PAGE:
Tuesday,21 May, 2019
Current issue | Issue 1375, (4-10 January 2018)
Tuesday,21 May, 2019
Issue 1375, (4-10 January 2018)

Ahram Weekly

Inside Washington: Acts and scenes

Followed by Thomas Gorguissian

A reduced UN budget... and more to come

Yes, it came out on Christmas. On Sunday, December 24, 2017, US Ambassador to the United Nations Nikki Haley cheered a 285 million dollar cut in the 2018 UN budget, saying: “This historic reduction in spending — in addition to many other moves towards a more efficient and accountable UN — is a big step in the right direction.” This announcement came days after more than 120 nations criticised and opposed the United States for its decision to recognise Jerusalem as the capital of Israel. In that specific General Assembly meeting, Ambassador Haley said in her speech, “When we make generous contributions to the UN, we also have a legitimate expectation that our goodwill is recognised and respected. When a nation is singled out for attack in this organisation, that nation is disrespected. What’s more, that nation is asked to pay for the privilege of being disrespected. In the case of the United States, we are asked to pay more than anyone else for that dubious privilege.”

The massive (more than five per cent) cut to the UN’s overall budget — which is 5.4 billion dollars — as it was explained to the media, was a result of months of negotiations between the UN and the Trump administration, ‘not related’ to the Jerusalem vote, and more cuts can be expected. Haley also reminded those listening to her welcoming statement: “The inefficiency and overspending of the United Nations are well known. We will no longer let the generosity of the American people be taken advantage of or remain unchecked.” It has been reported that additional cuts will include UNESCO, climate change programmes, UNICEF and others. The US funds about 22 per cent of the UN’s annual budget. Earlier last year (2017) 600 million dollars was cut from the UN peacekeeping budget. In an op ed piece published in The Wall Street Journal, former US Ambassador to the UN John Bolton wrote under the title “How to Defund the UN” that few of its agencies do useful work and “American taxpayers shouldn’t pay for the many that don’t.” He suggested, “Start with the UN Human Rights Council. Though notorious for its anti-Israel bias, the organisation has never hesitated to abuse America. How many know that earlier this year the UN dispatched a special rapporteur to investigate poverty in the US? American taxpayers effectively paid a progressive professor to lecture them about how evil their country is.”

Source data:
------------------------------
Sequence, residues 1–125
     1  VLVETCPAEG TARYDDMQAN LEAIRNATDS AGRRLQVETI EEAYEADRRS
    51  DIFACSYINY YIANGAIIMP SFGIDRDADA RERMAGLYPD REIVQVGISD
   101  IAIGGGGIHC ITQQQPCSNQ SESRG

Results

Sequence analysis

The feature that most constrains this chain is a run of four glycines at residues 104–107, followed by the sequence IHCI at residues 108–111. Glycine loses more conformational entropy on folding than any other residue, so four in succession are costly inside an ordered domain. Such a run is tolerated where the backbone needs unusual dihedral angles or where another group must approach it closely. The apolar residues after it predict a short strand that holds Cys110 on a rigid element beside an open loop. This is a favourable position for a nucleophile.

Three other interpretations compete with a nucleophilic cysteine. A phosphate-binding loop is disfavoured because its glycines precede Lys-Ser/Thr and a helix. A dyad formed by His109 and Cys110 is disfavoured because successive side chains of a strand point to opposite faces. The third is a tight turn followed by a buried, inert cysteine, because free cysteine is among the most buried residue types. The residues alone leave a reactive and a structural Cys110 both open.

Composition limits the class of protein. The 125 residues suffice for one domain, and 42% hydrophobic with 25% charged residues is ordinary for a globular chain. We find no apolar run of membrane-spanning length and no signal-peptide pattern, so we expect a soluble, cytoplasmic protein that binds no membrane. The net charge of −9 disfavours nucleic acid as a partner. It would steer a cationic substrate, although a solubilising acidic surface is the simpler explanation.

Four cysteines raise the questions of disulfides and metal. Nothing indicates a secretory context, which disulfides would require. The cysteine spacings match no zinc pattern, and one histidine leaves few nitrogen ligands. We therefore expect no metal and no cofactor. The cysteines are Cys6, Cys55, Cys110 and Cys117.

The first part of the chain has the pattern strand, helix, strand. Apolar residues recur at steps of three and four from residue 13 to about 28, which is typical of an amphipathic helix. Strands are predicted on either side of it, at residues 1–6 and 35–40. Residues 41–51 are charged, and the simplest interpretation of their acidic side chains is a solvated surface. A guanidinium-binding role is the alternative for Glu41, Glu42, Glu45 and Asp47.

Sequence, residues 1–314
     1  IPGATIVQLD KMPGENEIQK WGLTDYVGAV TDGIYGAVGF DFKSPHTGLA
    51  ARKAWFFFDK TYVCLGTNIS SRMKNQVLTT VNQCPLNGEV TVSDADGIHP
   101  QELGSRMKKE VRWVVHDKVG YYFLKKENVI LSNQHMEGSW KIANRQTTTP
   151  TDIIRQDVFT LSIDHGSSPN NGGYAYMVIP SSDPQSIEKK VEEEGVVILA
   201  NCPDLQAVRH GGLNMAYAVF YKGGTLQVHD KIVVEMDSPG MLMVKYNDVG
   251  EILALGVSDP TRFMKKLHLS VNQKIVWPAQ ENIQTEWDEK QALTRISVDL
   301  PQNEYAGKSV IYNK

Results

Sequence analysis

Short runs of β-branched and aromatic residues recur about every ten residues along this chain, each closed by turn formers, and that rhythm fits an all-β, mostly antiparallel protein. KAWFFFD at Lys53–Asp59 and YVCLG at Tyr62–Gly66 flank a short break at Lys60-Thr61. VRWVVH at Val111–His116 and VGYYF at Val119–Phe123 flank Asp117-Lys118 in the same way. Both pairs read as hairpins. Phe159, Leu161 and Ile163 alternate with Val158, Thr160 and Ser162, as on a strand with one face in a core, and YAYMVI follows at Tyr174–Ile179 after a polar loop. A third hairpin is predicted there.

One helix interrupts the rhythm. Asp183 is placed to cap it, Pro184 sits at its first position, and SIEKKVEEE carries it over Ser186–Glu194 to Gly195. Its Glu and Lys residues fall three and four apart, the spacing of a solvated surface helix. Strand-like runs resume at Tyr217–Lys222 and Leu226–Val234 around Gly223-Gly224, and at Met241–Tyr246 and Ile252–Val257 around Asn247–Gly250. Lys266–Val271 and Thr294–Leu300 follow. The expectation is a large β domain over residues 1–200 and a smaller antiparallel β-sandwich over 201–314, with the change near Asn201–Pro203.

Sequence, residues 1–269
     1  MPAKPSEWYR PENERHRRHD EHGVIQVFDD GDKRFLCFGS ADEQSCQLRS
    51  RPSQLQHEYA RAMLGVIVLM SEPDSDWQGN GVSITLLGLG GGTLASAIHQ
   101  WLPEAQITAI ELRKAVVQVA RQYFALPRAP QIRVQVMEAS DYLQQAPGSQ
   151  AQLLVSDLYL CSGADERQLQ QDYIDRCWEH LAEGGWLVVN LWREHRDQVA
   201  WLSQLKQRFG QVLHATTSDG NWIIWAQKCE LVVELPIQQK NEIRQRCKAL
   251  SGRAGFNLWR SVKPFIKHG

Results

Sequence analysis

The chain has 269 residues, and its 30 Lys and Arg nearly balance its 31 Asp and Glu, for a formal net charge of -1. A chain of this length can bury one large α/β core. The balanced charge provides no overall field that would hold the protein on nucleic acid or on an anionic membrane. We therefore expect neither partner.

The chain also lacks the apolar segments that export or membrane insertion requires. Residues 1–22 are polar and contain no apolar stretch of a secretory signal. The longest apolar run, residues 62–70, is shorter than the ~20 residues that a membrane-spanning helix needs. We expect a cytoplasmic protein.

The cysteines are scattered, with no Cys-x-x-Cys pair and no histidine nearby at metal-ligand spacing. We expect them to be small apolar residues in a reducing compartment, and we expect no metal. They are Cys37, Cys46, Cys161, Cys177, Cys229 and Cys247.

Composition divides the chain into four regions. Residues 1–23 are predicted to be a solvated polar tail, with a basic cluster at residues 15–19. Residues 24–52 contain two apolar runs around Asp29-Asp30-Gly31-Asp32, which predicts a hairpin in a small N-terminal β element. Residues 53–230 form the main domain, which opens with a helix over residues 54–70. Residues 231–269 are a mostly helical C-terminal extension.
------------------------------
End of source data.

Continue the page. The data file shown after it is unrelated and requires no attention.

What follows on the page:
‘Not militarily right now, no’

Secretary of Defence James N Mattis was with reporters in an off- camera media ‘availability’ on December 17, 2017. This was after Ambassador Haley had spoken about Iran’s support for Middle Eastern arms groups — especially the Houthis in Yemen. Secretary Mattis was asked: “As head of the US military, what does that mean for our military posture in the region and for our support for allies in the region?” Secretary Mattis answered: “Well, I think what we’re trying to achieve is a stability in an unstable region right now.” After mentioning Iran’s presence in different countries, he said, “and everywhere you find turmoil, you find Iran’s hand in it. And she [Ambassador Haley] is simply exposing this, and what we are doing in that region is standing by allies and partners and we’re on one hand exposing, on the other hand helping them build their own capability to reject Iranian influence.” Then he was asked, “Do you think that requires an expanded or more emboldened response from the United States, to try to contain that activity?” Secretary Mattis answered: “Not militarily right now, no.” A follow up question came up about ‘a military action’, asking: “Is this a way of accumulating evidence in order to back up what could be a military action in the future?” Secretary Mattis responded: “No, this is the reason Ambassador Haley was there and not one of our Generals, this is a diplomatically led effort to expose to the world what Iran is up to.”

 

‘ISIS became a brand’ and ‘it’s a global campaign’

On December 21, 2017, Brett McGurk, Special Presidential Envoy for the Global Coalition to Counter ISIS, was asked about ISIS — its past, present and future. Mr McGurk said: “It used to be a very well-connected organisation being run out of Raqqa, with direct communication to Boko Haram, which then part of it split and became ISIS in Nigeria; direct communication to Libya, direct communication to Sinai, direct communication to Afghanistan.” He added, “We’ve pretty much severed a lot of that, particularly from Syria. But look, ISIS became a brand, and a lot of pre-existing terrorist groups – you’ve seen this in the Sinai, for example – start to raise the flag of ISIS, mainly to recruit foreign fighters and other things.”

McGurk also said: “But make no doubt that the defeat ISIS strategic plan that I mentioned is not an Iraq-Syria plan, it’s a global campaign plan. So we use different tools in different parts of the world. But certainly in Mindanao and in Philippines, when they popped up and tried to establish themselves, we worked very closely with Australia, with members of the coalition, with the Philippine armed forces, to root them out.” He concluded: “So this is going to go on for some time. And the main priority number one is protecting our homeland; but second, make sure that they cannot have sanctuary to recruit and attract foreign fighters.”

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